From the back cover of the publication: “In 2010, the Centre for Contemporary Art, Lagos started Àsìkò, an innovative programme designed to redress the frequently outdated or non-existent artistic and curatorial curricula at tertiary institutions across Africa.”
“The call for Àsìkò 2013, with The Archive, Static, Embodied, Practiced as its theme, seemed to be written for me. Except that the call was directed at African artists and curators. And I guess that of all the things I am, and despite the time spent on the continent, African is not one of them. Then, in one of those unexpected turns that life tends to take, I was invited to be one of the facilitators for the programme. Someone supposed that I knew a thing or two about archives. I guess I did. But not much more.
I was embarking on a project about Dutch anthropologist, ethnographer, photographer, and explorer Paul Julien (1901-2001). I told the funders of the initial part of the project that I would try to add contexts and stories to images made by Julien in about 16 countries on the continent. I supposed that this would reveal other potential values of his photographs than what was known about them so far. Julien had a PhD in chemistry, and just like me, made a living as a teacher. Some of the girls he was teaching remember how all his other, self-taught identities infected his chemistry classes and resulted sometimes in his absence.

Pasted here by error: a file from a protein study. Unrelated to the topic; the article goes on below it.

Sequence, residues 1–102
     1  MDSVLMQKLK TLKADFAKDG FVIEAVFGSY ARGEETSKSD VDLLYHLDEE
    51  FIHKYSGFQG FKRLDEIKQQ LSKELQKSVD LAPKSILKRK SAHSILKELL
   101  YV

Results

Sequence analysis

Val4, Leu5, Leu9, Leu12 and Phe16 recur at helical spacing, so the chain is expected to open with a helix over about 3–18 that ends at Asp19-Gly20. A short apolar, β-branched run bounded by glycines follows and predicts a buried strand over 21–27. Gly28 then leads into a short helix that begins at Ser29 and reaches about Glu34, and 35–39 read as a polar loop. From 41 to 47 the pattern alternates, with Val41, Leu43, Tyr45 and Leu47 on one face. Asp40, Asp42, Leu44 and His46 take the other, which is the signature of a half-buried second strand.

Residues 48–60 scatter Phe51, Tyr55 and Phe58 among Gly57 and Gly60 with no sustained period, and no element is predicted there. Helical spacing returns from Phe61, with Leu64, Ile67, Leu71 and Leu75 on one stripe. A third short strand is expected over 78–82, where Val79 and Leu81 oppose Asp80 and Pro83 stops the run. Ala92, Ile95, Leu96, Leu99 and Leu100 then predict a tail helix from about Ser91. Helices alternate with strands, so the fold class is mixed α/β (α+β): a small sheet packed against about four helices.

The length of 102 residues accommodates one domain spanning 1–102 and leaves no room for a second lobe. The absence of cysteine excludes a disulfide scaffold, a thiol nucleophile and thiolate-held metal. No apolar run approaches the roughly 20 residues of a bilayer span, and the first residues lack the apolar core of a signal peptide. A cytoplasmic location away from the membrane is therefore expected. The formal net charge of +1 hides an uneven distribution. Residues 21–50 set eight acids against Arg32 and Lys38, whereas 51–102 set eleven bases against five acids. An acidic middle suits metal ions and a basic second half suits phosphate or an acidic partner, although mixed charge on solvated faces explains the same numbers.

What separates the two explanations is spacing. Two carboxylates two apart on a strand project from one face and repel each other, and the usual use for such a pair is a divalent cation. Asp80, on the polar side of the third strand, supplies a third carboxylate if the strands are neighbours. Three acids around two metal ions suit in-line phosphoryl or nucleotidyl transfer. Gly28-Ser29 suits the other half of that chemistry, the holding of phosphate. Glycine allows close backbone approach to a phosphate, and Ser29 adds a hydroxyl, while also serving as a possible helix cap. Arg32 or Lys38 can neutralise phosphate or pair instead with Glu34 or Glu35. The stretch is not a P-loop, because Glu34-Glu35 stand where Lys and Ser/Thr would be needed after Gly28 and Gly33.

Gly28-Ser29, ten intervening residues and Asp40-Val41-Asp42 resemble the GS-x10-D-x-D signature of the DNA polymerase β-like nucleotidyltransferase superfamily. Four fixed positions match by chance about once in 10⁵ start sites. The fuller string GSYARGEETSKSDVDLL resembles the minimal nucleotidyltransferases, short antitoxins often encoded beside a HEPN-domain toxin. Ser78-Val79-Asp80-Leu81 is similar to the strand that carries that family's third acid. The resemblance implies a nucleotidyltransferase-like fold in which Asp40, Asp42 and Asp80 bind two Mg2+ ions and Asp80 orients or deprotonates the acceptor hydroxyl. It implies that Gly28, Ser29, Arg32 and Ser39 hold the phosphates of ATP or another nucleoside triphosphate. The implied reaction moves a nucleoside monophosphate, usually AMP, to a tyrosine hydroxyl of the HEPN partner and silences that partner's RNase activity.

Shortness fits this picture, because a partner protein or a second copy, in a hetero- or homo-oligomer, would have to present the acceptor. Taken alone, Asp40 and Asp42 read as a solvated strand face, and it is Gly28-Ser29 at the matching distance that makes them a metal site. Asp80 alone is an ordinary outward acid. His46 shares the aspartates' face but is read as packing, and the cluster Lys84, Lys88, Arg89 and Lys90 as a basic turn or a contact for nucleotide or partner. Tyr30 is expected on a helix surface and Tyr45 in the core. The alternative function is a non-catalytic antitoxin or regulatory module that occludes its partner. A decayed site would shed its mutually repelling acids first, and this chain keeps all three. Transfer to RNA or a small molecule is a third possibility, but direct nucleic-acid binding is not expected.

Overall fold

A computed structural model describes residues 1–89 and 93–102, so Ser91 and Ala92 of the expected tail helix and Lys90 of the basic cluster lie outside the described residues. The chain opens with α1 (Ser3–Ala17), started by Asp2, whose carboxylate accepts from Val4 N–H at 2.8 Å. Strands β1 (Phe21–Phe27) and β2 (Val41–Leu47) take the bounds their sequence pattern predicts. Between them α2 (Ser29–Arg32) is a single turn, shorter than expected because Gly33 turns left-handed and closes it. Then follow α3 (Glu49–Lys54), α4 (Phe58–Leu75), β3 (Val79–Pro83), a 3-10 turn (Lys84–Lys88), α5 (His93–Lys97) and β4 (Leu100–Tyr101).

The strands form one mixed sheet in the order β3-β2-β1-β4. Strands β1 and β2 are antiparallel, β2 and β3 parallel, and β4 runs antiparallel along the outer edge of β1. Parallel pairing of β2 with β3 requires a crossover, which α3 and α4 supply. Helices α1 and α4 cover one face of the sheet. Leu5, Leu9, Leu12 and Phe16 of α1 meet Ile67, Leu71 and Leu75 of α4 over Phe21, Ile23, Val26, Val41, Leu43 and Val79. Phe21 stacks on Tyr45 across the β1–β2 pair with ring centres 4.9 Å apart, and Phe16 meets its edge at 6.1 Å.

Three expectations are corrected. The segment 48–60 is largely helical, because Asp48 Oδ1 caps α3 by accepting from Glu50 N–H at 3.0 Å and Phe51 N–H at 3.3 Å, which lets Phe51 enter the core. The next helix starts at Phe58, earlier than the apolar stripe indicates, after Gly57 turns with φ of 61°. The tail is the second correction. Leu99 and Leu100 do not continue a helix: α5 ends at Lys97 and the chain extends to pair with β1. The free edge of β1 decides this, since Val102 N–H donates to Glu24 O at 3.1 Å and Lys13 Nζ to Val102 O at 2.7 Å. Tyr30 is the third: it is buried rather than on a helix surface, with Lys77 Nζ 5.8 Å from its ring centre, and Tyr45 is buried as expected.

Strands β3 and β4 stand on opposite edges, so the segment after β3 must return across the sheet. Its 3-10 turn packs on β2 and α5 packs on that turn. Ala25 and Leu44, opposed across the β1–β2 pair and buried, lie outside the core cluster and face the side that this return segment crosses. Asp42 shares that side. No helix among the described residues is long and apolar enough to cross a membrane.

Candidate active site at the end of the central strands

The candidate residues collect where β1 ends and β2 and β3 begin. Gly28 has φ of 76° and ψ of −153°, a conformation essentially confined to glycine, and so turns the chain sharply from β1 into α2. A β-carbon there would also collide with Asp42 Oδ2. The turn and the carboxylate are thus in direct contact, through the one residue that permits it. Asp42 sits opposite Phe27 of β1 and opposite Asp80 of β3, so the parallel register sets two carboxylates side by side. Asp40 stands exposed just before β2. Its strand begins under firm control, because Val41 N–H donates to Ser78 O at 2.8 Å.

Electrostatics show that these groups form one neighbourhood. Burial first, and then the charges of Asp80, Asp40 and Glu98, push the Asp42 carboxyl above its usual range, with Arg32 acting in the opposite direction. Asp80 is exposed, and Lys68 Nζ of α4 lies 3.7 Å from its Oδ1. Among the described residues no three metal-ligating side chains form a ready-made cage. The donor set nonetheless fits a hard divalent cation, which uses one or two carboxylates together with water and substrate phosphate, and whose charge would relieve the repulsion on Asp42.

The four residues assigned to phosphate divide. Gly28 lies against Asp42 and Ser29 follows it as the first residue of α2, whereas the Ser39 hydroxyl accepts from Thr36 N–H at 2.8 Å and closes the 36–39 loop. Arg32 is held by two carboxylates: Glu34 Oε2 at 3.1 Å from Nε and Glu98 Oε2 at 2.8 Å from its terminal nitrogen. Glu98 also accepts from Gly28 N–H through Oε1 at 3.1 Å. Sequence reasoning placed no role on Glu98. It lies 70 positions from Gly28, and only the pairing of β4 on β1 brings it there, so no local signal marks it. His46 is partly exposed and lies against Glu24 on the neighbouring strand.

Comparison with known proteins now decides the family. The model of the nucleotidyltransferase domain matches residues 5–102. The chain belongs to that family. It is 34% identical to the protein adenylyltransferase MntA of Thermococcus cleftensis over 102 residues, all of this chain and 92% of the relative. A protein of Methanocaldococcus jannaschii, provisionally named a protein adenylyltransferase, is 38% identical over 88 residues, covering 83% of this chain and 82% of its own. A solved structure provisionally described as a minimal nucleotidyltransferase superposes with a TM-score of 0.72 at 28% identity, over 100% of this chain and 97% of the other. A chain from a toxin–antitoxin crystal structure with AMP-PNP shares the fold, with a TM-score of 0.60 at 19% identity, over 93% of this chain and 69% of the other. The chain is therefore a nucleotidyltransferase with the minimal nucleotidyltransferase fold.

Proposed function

I brought about 1200 prints of digitised lantern slides to Accra. Julien probably used the black and white positive images, mounted between 10x10cm glass plates, when speaking about his experiences to (mainly) Dutch audiences in lectures. The slides were organised per country, region or tribe. Captions or other documentation on their use are not available.
Julien never set foor on the Gold Coast, but since Àsìkò aspired to be a pan-African programme, I thought it might be a useful exercise to discuss his images with the participants. I may have expected a critical attitude, heated discussions about the problems of othering I considered to be embedded in the photographs. I guess I hoped for recognitions of and identification with what the images showed. I do not recall that kind of response. The photographs were by the participants with great respect. They selected and played with the images using criteria connected to their formal qualities.
I now wonder whether the respect was connected to my position? Or to the context of the programme? Were the formal criteria used related to the way participants had been trained? Or was it the only way they could connected to what the images showed? I won’t be able to find out. It is not easy to ask the right questions at the right time.”
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